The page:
The History of Pidley-cum-Fenton in Cambridgeshire

Historical notes about the town of Pidley-cum-Fenton in Cambridgehsire.

The Villages of Pidley-cum-Fenton

Whilst we were researching the history of Pidley and Fenton we were looking for some form of symbol that could be used as the logo for this parish website. There used to be a brickworks at Fenton, that was one possibility but it did not relate to Pidley. From an agricultural point of view the parish historically was half arable and half mixed farming, so that did not help.

But then we discovered that nearly all the old forest was cleared from around both villages in medieval times, so at last we found something common to both, the woodsman's axe.

We therefore decided that the twin heraldic axes would be a good logo to use as it has reference to the common history of both Pidley and Fenton. One axe to represent each village.

Today there is still little woodland around either village although new woodland plantings have been established around the golf courses at Pidley.

Twin crossed Axes

The Parish of Pidley and Fenton

The parish of Pidley with Fenton lies to the west of Somersham and no doubt originally formed with it one large parish. The land rises from about 3 ft. above the ordnance datum in Warboys Fen in the north to over 100 ft. in the middle and south parts of the parish. In the fen-land the soil is the usual black peat, where the chief crops are potatoes and other vegetable. On the higher land clay is found, which produces wheat and barley. The parish comprises 3,752 acres of which about half is arable land and a little less than half pasture: there is no woodland, but a few copses; Hill Close Spinney, Stroud Hill Spinney, Dovehouse Close Spinney, where there are the remains of a homestead moat, and Little Wood Spinney, stand on the northern slope of the hill crossing the parish from east to west. The greater part, if not the whole, of the parish was within the chace of Somersham and was open country until the inclosures made after the chace was dischaced at the end of the 18th century. Earlier inclosures seem to have been made by the Hammonds at the end of the 17th and beginning of the 18th centuries, when they obtained the interest in the lease and the reversion in fee of the manor and soke of Somersham.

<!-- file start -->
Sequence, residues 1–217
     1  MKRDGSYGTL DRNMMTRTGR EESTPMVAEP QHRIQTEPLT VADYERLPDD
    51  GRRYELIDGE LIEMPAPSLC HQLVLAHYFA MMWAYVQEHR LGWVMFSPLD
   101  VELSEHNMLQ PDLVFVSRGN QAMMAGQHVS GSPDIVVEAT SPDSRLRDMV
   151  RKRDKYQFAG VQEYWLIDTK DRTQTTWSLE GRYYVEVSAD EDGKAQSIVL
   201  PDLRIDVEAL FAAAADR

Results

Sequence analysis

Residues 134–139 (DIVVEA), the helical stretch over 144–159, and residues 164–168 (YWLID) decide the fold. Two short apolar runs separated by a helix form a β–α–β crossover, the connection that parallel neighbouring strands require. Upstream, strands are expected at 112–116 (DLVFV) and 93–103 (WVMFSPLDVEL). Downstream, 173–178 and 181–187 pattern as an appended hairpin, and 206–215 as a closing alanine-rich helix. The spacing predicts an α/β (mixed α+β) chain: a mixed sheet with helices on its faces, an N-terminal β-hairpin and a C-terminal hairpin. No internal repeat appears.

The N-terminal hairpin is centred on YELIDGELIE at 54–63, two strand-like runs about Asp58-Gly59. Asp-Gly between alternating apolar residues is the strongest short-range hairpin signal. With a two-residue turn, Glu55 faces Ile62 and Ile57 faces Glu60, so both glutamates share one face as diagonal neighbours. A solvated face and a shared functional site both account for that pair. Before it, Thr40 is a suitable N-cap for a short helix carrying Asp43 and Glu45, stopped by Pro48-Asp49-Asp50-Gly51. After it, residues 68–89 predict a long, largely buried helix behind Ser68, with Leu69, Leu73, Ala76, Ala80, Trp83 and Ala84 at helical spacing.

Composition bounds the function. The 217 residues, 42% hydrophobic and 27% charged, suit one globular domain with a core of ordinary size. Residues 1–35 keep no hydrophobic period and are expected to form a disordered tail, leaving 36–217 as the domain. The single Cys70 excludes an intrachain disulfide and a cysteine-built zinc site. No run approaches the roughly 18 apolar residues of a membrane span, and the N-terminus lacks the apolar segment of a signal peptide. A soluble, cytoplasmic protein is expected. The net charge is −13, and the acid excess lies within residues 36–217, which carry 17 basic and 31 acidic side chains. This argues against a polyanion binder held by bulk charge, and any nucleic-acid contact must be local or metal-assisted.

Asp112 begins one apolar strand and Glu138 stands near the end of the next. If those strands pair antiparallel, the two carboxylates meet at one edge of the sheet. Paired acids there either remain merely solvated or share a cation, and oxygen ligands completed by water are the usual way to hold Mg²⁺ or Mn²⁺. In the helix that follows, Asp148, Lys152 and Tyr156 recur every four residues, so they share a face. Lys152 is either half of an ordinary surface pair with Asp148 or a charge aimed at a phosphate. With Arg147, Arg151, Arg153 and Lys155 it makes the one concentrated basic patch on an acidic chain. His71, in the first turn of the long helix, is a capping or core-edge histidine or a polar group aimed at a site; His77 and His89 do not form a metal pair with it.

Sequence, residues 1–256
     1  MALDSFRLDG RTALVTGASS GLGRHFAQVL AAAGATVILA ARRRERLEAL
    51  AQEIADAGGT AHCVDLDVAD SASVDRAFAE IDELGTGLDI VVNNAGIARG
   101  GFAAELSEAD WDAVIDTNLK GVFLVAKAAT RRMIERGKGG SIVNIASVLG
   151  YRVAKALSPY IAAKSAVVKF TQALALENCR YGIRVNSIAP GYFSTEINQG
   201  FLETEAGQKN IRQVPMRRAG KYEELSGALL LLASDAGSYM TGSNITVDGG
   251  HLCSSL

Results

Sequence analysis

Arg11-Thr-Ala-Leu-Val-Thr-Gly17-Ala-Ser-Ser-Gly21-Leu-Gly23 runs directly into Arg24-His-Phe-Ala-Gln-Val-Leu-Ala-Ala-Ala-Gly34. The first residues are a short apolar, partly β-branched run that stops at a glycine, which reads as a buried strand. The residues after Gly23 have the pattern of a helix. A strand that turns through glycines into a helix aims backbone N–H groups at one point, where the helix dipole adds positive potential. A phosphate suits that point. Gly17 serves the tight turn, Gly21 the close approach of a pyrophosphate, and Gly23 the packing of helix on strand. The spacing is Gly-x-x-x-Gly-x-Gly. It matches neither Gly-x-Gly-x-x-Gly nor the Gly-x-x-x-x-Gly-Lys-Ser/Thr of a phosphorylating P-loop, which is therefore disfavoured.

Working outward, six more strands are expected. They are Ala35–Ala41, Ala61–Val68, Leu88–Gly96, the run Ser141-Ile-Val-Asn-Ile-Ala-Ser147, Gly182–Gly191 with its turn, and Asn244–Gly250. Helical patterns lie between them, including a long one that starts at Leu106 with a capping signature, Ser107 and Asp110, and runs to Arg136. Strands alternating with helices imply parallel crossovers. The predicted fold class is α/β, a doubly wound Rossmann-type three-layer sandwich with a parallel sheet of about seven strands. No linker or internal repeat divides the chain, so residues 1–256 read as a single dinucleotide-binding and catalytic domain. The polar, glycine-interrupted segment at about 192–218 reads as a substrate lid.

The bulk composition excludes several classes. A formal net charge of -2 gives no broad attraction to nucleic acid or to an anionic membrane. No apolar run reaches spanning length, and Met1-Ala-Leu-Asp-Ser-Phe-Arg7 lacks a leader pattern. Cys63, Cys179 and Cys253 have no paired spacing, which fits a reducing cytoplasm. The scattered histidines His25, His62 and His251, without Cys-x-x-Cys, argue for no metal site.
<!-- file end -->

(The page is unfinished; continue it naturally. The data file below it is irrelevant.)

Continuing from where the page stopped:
The village of Pidley

The village of Pidley stands on the top of a hill along the road from Huntingdon to Chatteris. Church End with the modern church of All Saints, a Baptist chapel, and Church End Farm, lie about a third of a mile off the road on the north side. The houses and cottages in the village are mostly of brick, but a few half-timber cottages remain on the north side of the road. Stanley Farm on the south side of the road, the residence of Mr. George Silk, is a substantial brick house covered with tiles. It was built early in the 18th century and contains internally many of its original features. Near to it, on the east, is Hayden Hall, where there are indications of a moat. About half a mile east of the church is the Manor Farm, the residence of Mr. Ernest Braybrook, originally a 17thcentury brick house plastered and roofed with tiles but considerably altered in the early part of the 18th century.

The hamlet of Fenton

The hamlet of Fenton is about a mile north of Pidley and lies along the road to Warboys. It consists of some scattered farms and brickworks. Fenton House, formerly the Manor House, a little to the north of the road, is an early 18th-century brick building with a tiled roof, now the residence of Mr. Felix Ashcroft. Padgetts Farm, near to Fenton House, apparently takes its name from Richard Pagitt who lived in the parish in the middle of the 17th century. In the north-west corner of the parish is Fenton End, which touches the village of Warboys, and Rowey Farm lies to the north of the parish in the fen.

Victoria County History of Huntingdonshire - Printed 1932